Speaker digs in over Mokhothu

Speaker digs in over Mokhothu

MASERU – THE Speaker of Parliament Sephiri Motanyane and the Clerk of Parliament, Fine Maema, say while Mathibeli Mokhothu is the Leader of Opposition in Parliament he does not qualify for any benefits. In their heads of arguments on Tuesday they told the Constitutional Court that Mokhothu, who is the deputy leader of the Democratic Congress, “continues to hold title and office of the Leader of Opposition”.
They however say in terms of the Members of Parliament Salaries Act of 1998 he does not qualify for the benefits associated with the position of Leader of Opposition.

“Section 3 of the Salaries Act requires that the member must be the leader of a party or coalition that has at least 25 percent of the total membership of the National Assembly,” they argued in court papers. “Section 3 requires that any such coalition must be formed prior to the members taking their salaries,” they said.

Their argument is that after September 30 last year Mokhothu was no longer the leader of a party or coalition holding 25 percent of MPs.
“He accordingly no longer qualifies for the statutory benefits in the Salaries Act,” they said.

Mokhothu became Leader of Opposition in July last year after his DC party, the Popular Front for Democracy (PFD) and National Independent Party (NIP) wrote to Motanyane telling him that they had formed a coalition. The law provides that a coalition of parties may combine its seats in order to meet the requirements to nominate a leader to receive benefits and salary of the Leader of Opposition.

The Leader of Opposition is paid the same amount as a minister with other entitlements such as bodyguards, chauffeur, two domestic workers and a befitting government house. However, Motanyane and Maema argue that the coalition of three parties “must be formed prior to members taking their seats”.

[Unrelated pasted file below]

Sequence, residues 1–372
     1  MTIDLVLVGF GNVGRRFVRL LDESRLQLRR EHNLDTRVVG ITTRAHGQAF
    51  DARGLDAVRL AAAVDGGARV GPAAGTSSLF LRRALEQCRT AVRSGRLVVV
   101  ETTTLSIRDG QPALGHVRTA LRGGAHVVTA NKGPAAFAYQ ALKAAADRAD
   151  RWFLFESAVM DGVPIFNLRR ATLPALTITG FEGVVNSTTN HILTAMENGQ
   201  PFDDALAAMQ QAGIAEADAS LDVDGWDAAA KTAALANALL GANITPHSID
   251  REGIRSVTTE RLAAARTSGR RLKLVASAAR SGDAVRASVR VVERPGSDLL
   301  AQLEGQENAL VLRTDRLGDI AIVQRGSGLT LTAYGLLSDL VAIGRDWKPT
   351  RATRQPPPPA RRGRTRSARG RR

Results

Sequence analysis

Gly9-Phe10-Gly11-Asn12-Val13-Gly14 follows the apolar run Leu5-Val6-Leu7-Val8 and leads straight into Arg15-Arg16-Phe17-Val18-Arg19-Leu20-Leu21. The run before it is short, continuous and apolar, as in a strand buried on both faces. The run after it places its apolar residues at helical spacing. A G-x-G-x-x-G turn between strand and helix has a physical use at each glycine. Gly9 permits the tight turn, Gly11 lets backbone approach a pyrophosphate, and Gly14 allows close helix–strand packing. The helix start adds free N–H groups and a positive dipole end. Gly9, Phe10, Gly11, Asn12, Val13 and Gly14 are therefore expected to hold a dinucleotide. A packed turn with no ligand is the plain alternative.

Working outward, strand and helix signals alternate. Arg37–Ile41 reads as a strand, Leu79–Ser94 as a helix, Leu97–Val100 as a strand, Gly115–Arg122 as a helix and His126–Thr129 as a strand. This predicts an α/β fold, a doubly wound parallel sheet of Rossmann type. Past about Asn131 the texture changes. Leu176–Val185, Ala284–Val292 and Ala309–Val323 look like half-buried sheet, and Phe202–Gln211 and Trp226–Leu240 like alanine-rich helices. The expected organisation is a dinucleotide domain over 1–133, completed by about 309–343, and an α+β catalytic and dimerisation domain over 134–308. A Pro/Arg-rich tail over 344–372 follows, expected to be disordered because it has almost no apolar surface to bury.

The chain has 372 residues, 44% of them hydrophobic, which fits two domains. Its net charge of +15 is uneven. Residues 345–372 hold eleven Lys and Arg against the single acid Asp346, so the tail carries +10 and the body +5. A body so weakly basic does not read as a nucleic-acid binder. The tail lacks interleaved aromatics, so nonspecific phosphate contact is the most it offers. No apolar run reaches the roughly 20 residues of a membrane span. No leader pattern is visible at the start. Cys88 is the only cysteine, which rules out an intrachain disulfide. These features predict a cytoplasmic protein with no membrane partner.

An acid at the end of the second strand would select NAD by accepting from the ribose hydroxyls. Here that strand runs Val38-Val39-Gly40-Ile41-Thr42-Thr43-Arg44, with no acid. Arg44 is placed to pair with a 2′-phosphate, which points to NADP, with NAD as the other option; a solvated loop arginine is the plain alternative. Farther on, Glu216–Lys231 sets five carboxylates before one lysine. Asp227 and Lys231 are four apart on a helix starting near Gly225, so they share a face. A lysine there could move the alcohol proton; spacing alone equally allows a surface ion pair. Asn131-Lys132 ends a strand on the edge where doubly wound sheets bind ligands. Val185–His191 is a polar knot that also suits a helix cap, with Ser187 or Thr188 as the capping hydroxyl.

They said the opposition coalition’s “attempt to form a coalition during the parliamentary term sought to avoid the requirement”.
“The purported coalition was invalid and could not be recognised when considering whether Hon. Mokhothu met the criteria in section 3 and qualified for the benefits in the Salaries Act,” they argued.

They only agree that Mokhothu is the Leader of Opposition for purposes of parliamentary business in accordance with parliament’s conventions, practices and precedents derived from the Westminster system of parliamentary government.
They also contend that he remains a member of the Council of State.
Mokhothu, together with opposition coalition parties, say it defies logic that one can be called Leader of Opposition and at the same time be denied benefits that go with the title.

They argue that Motanyane erred in November last year when he ruled in parliament that Mokhothu could not hold the position because his DC party does not have 25 percent of the seats. Their argument is that the coalition of DC, PFD and NIP has enough seats and under the constitution they qualify to nominate Mokhothu as the Leader of Opposition and become a member of the Council of State.

Their argument draws strength from section 95 (2) (h) of the constitution where it provides that the Council of State includes “two members of the National Assembly appointed by the Speaker from among the members of the opposition party or parties”.
“In making this appointment the Speaker shall appoint the leader of the opposition and the leader of the opposition party or coalition of parties having the next greatest numerical strength,” they argue.

They say Motanyane’s ruling that the coalition must be formed before members take their seats is novel. In their view, if Mokhothu qualifies to be a member of the Council of State by virtue of him being Leader of Opposition, then he is entitled to all benefits associated with the title.

Staff Reporter

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